Roman emperors, it is said, pacified their restive populations with promises of ‘bread and circuses’. As this year’s General Election campaign progressed, Labour tried the same approach.
Jeremy Corbyn is pictured above in Tunisia laying a wreath for terror leaders linked to the Munich massacre in 1972
Each new offer, more fantastic than the last, eroded the believability of the previous one.
The eye-watering billions needed for mass nationalisation simply didn’t seem credible. The announcement that everyone would work only a four-day week without the economy suffering was met with utter disbelief.
Labour’s manifesto was the work of juvenile student revolutionaries rather than sensible adults ready for power.
On the doorstep, the verdict was damning. A friend who has been canvassing in working-class areas in Labour cities and towns around the country tells me that two issues came up constantly.
First: People were furious that politicians had promised Brexit and failed to deliver on this pledge; Corbyn’s fudge on the subject fooled no one. Second: People simply didn’t like Corbyn.
If the Party leadership had listened to ordinary voters instead of simply talking to itself and like-minded supporters, it might have avoided this rout.
What, then, will become of Labour? It should be stressed that the Party of Clement Attlee and of Tony Blair has been lost, possibly forever.
There will now be a vicious battle for the future leadership and control of the Party, but this will probably not be between the Left and the centre, as it was after Foot was obliterated a generation ago, and which led to the rise of Blair.
The new fight is just as likely to be between rival factions on the far-Left. Yesterday, Labour’s departing leader was asked whether Corbynism is dead.
‘There is no such thing as Corbynism,’ he replied. ‘There is socialism, there is social justice.’
He is seen by his hard-Left cohort as simply the figurehead of a movement, which will continue after him; if necessary, in perpetuity.
The British Left has always been marked by infighting. In the past 100 years, more than a hundred groups of Marxists, Trotskyites, Leninists and Stalinists have sprung up here, fracturing, splitting and backstabbing each other — often over trivial disagreements about doctrine or policy.
Put three Trotskyites in room, the joke goes, and within an hour you will have two new parties and a breakaway faction.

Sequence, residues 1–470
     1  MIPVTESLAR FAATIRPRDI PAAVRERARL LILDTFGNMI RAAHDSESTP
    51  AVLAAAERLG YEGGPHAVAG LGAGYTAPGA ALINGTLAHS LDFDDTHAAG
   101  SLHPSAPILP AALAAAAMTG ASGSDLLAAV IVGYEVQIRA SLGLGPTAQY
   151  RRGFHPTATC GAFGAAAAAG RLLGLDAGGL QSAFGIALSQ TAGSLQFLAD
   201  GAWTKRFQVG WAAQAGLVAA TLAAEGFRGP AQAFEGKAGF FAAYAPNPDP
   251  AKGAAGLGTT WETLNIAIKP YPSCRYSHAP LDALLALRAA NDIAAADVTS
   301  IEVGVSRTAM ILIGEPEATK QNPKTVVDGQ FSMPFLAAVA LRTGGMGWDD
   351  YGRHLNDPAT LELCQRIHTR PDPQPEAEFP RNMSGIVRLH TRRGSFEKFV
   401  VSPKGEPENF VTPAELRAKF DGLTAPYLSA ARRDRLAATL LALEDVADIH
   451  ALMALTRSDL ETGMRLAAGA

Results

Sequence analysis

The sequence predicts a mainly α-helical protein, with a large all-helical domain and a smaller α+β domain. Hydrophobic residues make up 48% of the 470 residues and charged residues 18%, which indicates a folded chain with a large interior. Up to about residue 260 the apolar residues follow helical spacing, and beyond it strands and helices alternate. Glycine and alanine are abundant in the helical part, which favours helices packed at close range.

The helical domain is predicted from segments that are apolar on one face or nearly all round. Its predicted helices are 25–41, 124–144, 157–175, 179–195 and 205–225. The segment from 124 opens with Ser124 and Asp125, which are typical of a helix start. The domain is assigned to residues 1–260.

Corbyn has overseen a truce within Labour between different hard-Left groups. Where infighting has surfaced — such as between members of John McDonnell’s Labour Representation Committee and those around Corbyn — it has been largely unnoticed.
Corbyn’s spin doctor, the former Guardian journalist Seumas Milne, and the ex-Communist Andrew Murray both have origins in the Stalinist wing of the Left.
John McDonnell’s faction, by contrast, is Trotskyite (the bitter distinction between these groups need not concern us here — suffice it to say they despise each other).
It remains to be seen if that tribalism sets the rules for the coming fight. For now, Labour lies mortally wounded. The best thing would be for it to start afresh as a moderate, broad-church party of opposition — something that is important in any democracy.
Instead, however, the remnant will carry on, no matter how small they become and how many times the electorate rejects them.
The eye-watering billions needed for mass nationalisation simply didn’t seem credible. The announcement that everyone would work only a four-day week without the economy suffering was met with utter disbelief
For many of them, losing scarcely matters: being right is more important. Indeed, some of Corbyn’s supporters are now spinning this catastrophe as a success.
‘Doublethink,’ wrote George Orwell in Nineteen Eighty-Four, ‘means the power of holding two contradictory beliefs in one’s mind simultaneously, and accepting both of them.’
The Corbyn remnant is now immersed in doublethink.
They will not moderate their extreme political ideas just because the electorate has dismissed them.
They will blame their defeat on a hostile capitalist media, smears and lies, Brexit, the anti-democratic billionaires of Bassetlaw, Blyth Valley and Bolsover — anything but the obvious.
Holier-than-thou Lefties have spent months telling traditional Labour supporters who didn’t like what they had done to their party to ‘F*** off and join the Tories’.
Millions, it seems, did just that.
Giles Udy is the author of Labour And The Gulag: Russia And The Seduction Of The British Left (Biteback).